Shizuoka Sake: the figures and numbers

I suppose I have to justify my claim that Shizuoka produces some of the best, if not the best sake in Japan.
It was not always so. But the big change occured in the late eighties when a lot of research was done with the help of government funds, especially under the direction on Dembei Kawamura. It notably led to the “invention” of a new yeast at th e Kokkou Brewery in Fukuroi City called “Shizuoka Koubo” (“Shizuoka Yeast”) that the majority of Shizuoka Brewers use now.
Although the number of “kura” has declined from 56 in 1975 to 28 in 2013, it actually helped concentrate the quality in staff, methods and products to an unheard level.
The average national production of high quality sake, that is from “honjyozu” upwards is 33.4%, whereas no less than 83% of all sake made in Shizuoka is of high quality! Even the rest, that is, “futsushuu” (“normal sake”), could be considered as the highest quality sake used for “atsukan” (“hot sake”) in Japan!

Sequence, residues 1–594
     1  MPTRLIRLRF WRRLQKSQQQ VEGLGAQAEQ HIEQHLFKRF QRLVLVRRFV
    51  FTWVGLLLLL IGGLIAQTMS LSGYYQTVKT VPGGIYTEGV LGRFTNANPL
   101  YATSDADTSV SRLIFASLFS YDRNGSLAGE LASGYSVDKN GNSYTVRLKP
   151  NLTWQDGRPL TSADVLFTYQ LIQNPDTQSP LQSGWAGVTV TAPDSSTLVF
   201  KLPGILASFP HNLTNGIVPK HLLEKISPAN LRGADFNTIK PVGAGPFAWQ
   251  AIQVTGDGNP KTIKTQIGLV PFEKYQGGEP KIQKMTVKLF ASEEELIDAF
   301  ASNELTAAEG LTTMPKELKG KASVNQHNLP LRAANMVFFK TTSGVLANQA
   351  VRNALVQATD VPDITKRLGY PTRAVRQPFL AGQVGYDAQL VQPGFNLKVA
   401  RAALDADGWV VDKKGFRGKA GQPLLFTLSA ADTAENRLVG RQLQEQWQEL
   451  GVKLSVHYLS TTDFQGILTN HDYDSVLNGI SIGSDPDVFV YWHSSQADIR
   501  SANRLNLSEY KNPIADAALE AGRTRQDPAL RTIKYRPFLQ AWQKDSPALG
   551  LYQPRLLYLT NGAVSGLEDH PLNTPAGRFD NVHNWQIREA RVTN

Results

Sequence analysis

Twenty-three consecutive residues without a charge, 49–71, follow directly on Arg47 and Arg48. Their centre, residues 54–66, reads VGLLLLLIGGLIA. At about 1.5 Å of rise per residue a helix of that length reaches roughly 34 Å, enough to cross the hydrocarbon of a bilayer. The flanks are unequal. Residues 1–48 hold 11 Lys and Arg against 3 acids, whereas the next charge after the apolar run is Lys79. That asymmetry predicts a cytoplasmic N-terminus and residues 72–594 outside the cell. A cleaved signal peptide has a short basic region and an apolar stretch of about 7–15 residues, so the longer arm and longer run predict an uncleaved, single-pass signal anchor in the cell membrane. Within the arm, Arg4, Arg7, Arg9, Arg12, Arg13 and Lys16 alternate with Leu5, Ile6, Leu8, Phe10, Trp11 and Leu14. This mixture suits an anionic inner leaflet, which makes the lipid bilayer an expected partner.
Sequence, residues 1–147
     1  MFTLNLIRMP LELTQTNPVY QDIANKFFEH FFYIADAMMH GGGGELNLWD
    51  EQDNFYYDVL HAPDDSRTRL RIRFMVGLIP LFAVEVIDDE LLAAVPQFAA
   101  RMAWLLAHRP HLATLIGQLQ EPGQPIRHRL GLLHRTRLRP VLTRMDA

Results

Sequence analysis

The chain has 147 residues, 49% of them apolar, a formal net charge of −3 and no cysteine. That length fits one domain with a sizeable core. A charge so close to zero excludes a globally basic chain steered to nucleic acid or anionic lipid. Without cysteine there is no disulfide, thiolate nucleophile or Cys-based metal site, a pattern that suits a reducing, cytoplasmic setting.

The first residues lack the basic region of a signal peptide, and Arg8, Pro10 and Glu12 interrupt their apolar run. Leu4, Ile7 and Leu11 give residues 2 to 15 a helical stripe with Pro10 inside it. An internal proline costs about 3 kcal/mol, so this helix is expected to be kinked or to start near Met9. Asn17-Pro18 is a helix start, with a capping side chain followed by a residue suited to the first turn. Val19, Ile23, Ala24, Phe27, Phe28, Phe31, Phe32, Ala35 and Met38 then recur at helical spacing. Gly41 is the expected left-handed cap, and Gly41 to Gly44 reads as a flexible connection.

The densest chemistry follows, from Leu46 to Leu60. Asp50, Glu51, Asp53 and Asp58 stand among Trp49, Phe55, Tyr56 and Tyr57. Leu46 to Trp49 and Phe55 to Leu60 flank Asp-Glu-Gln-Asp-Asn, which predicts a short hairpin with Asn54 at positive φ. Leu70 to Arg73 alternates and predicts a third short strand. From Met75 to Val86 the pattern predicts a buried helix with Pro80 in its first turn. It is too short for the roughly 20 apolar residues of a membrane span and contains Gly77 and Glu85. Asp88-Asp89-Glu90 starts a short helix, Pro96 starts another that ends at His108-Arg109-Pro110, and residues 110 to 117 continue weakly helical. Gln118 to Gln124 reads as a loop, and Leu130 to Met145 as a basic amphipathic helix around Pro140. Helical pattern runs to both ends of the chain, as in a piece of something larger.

Apart of all the research and the consequent improvement, the sheer abundance of superior water from Mount Fuji and the Southern Alps is the main factor. Moreover, Shizuoka water has a very low acidity level, thus contributing to sake brands that still keep the palate interested after many cups.
Next time you visit some friends, especially Japanese, in a far away Prefecture, offer them a bottle of sake from Shizuoka Prefecture and you will judge from their reactions. Do not forget that Shizuoka Sake is not only good, but rare and difficult to find, even in Tokyo!

6 Responses to “Shizuoka Sake: the figures and numbers”

  1. 2pat Says:

    What is the significance of water with a low acidity level?

  2. dragonlife Says:

    Basically the more acid the water, the stronger the taste of the sake. Consequently the natural sweetness of the sake will be masked by the acidity!
    A bit difficult to understand, I admit.
    Put it simply, the higher the acidity, the coarser the sake will be.

  3. Miyuki Suzuki Says:

    Hello, I am a member of a shizuoka city-based non-profit organization for students of English language. In our classes, I would like to use this entry of yours. I would be grateful if you would kindly allow us to do so.

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